When I was a consultant I traveled throughout the US and worked in many different states and regions. I grew up in the Midwest, where my core values were shaped. A general description of these values in business would be a variant of the “golden rule” – from wikipedia:
The Golden Rule or ethic of reciprocity is a maxim, ethical code, or morality that essentially states either of the following:
(Positive form): One should treat others as one would like others to treat oneself.
(Negative/prohibitive form, also called the Silver Rule): One should not treat others in ways that one would not like to be treated.
This concept describes a “reciprocal” or “two-way” relationship between one’s self and others that involves both sides equally and in a mutual fashion.
This sort of approach wasn’t out of the “goodness of your heart”, it was a fair and reasonable way to approach your customer or supplier. An example – you are working on a job at a price that you both agreed upon, and then you find that things are significantly different than planned and you will come up far short of your original profitability or even lose money on the job – what do you do?
You approach the customer, subtly, and describe some of the new or unseen events that have changed the scope of the project since inception. The customer has a few options – they can 1) give you nothing and tell you to “eat the difference” 2) split the difference on some of the unforeseen items which may not make you whole but softens the blow 3) not change the current deal at all but implicitly or explicitly tell you that there are future opportunities to make yourself whole.
More often than not, we eventually came to a #2 type resolution, although it was often linked with a #3 type opportunity. Rarely were we just told to “pound sand” and take the #1 option.
Why is it this way? On the surface it would seem that, as a customer, #1 would always be preferable. You have a binding contract, why not stick it to your vendor? A few reasons – a bitter vendor is unlikely to do good work, and will look at the contract in detail to find a way to stick it back to you by living to the “letter” not “spirit” of the agreement. An additional component is that if you behave as if life was a series of single transactions with no consequences to others (i.e. a series of #1 events), you eventually end up with a reputation as a “bad customer” and this will come to damage you in various ways; often it will get raised from the vendors boss to the customers’ boss at the golf course or some other type of less formal venue; and most companies don’t want a reputation for being difficult and vindictive. An additional element is that this type of behavior is generally not how people in the Midwest live their lives – it will probably be correlated with other types of behaviors (selfishness, not looking out for co-workers, extreme ambition) that will lead to at least a mild ostracism or at least career damage.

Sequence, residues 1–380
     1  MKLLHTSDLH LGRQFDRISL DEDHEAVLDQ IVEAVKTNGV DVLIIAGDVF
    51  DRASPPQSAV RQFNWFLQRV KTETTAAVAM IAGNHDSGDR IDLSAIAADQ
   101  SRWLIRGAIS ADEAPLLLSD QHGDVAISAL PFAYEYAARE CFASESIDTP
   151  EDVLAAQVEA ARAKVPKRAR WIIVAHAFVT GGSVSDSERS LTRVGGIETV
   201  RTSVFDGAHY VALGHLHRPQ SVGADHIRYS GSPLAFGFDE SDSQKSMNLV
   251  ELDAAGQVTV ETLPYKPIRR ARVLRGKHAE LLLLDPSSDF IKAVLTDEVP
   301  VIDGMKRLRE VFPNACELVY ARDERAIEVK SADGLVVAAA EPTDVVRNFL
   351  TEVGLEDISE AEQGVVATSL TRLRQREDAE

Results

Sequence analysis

The second part of a series of #1 issues is that the SUPPLIER can just walk away from the job in the first place if they aren’t going to earn a sufficient profit. Sure, you can sue them, but the courts take forever and meanwhile, whatever project you hired the supplier for in the first place is languishing (i.e. a product launch, or a cost reduction project, etc…). This is a variant of the golden rule on the part of the supplier, which means that they have an obligation to do the best work possible under the spirit of the agreement to make the purchaser look good.